A century later, Dr. Wilder’s keto­genic diet is now succeeding beyond his wildest dreams. The keto diet is the most searched-for diet on Google, far surpassing the vegan diet. We have four kids who are Millennials - and they tell me this diet is all the rage with their contemporaries.
The keto diet today generally rec­ommends getting at least 70% of calo­ries from fat, 5 to 10% from carbs and about 15 to 20% from protein. Unlike the Paleo diet, you do need to be mindful about not overeat­ing protein, otherwise, you stimulate gluconeogenesis (the manufacturing of sugar) in the liver, and that prevents ketosis.
To get into ketosis, most people will need to limit their carb intake somewhere between 20 to 50 grams per day. Most keto devotees do this by consuming a lot of cheese, real butter, cream and coconut butter, olive oil, nuts, avocados, and eggs.
Ideally, you need to be eating large quantities of non-starchy vegetables like leafy greens, cruciferous veg­etables, onions and garlic. But as Joan says, most Americans don’t really like vegetables. Consequently, people who are following the keto diet, eat lots of cheese, cream, butter and meat, and shun the most healthful component - vegetables … and that is a big problem.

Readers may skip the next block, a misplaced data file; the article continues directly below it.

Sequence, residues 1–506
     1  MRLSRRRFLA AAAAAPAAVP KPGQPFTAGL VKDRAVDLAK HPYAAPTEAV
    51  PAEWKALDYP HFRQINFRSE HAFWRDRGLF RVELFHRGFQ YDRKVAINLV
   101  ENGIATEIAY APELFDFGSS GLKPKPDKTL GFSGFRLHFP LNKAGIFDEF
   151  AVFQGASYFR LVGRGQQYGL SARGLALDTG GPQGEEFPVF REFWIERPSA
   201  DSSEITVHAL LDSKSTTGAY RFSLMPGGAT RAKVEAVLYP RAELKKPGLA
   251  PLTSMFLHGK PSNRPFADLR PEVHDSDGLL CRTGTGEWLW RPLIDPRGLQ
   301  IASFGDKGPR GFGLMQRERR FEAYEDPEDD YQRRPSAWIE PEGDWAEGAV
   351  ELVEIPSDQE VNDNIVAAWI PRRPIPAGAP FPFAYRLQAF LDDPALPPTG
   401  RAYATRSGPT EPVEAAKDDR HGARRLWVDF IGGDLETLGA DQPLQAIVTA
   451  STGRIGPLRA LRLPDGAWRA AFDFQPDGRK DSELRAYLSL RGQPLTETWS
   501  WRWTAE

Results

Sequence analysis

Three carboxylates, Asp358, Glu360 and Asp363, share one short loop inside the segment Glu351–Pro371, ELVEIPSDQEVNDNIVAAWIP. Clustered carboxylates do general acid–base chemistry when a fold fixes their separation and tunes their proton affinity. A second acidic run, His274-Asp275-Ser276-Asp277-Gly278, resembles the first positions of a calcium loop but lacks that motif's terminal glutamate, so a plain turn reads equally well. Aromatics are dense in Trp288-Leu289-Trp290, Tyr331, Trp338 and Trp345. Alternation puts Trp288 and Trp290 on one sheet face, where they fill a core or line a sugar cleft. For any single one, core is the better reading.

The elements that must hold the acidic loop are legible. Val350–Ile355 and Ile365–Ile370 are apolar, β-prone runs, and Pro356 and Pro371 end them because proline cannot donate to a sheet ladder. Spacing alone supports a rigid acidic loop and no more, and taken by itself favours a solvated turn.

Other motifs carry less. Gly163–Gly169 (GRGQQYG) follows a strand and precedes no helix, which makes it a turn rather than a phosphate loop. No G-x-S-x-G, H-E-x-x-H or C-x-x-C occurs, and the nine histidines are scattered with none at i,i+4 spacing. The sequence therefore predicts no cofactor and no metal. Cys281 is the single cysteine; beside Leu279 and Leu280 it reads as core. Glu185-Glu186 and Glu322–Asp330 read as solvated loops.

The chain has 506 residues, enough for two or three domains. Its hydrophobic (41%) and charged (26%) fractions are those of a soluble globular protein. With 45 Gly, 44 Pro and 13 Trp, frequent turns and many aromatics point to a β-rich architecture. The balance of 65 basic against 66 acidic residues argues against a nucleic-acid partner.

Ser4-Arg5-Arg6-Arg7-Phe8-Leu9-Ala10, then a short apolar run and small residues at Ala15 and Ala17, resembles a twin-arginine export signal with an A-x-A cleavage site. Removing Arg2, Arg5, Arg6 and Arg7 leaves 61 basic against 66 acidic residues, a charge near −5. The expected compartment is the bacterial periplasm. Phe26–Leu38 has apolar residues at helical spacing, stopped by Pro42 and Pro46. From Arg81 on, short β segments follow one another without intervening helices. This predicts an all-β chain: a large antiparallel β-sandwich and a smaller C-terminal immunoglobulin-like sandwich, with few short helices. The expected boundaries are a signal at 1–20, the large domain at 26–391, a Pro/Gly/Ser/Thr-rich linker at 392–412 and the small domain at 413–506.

Carbies Don’t Make Barbies
“Carbage” like cookies, cake, bread, beer, candy, crackers, pie, doughnuts, rice, bagels, chips, tortillas, potatoes, pasta and sweetened beverages are strictly verboten on the keto diet. This kind of food is not only addic­tive, but it also triggers insulin spikes that deposit those calories in and around the abdomen. Sherief is a dear family friend who’s a 31-year-old hipster radiology resident and likes to remind my daughters, “Carbies don’t make Barbies.”
Water is a crucial element of a keto diet. Thankfully, coffee and tea, both unsweetened of course, are also beverages of choice. Dry wine or distilled spirits are metabolized as fats, and are okay in moderation. Some cynical health care insiders joke that a moderate drinker is someone who’s consuming less alcohol than their doctor.
High insulin levels cause obesity, whether that insulin is being secreted from your pancreas or you are inject­ing it with a needle. Insulin ushers glucose into fat cells, especially inside the abdomen, and insulin also makes you crave carbs.
High insulin also causes fluid reten­tion. Thus, if you are doing the keto diet correctly, you’ll reduce your daily carb intake from the typical U.S. adult level of 300 grams to one-tenth of this. Your insulin levels will plunge, and, to be blunt, you will pee like crazy in the first week or two as you get rid of excess retained fluid.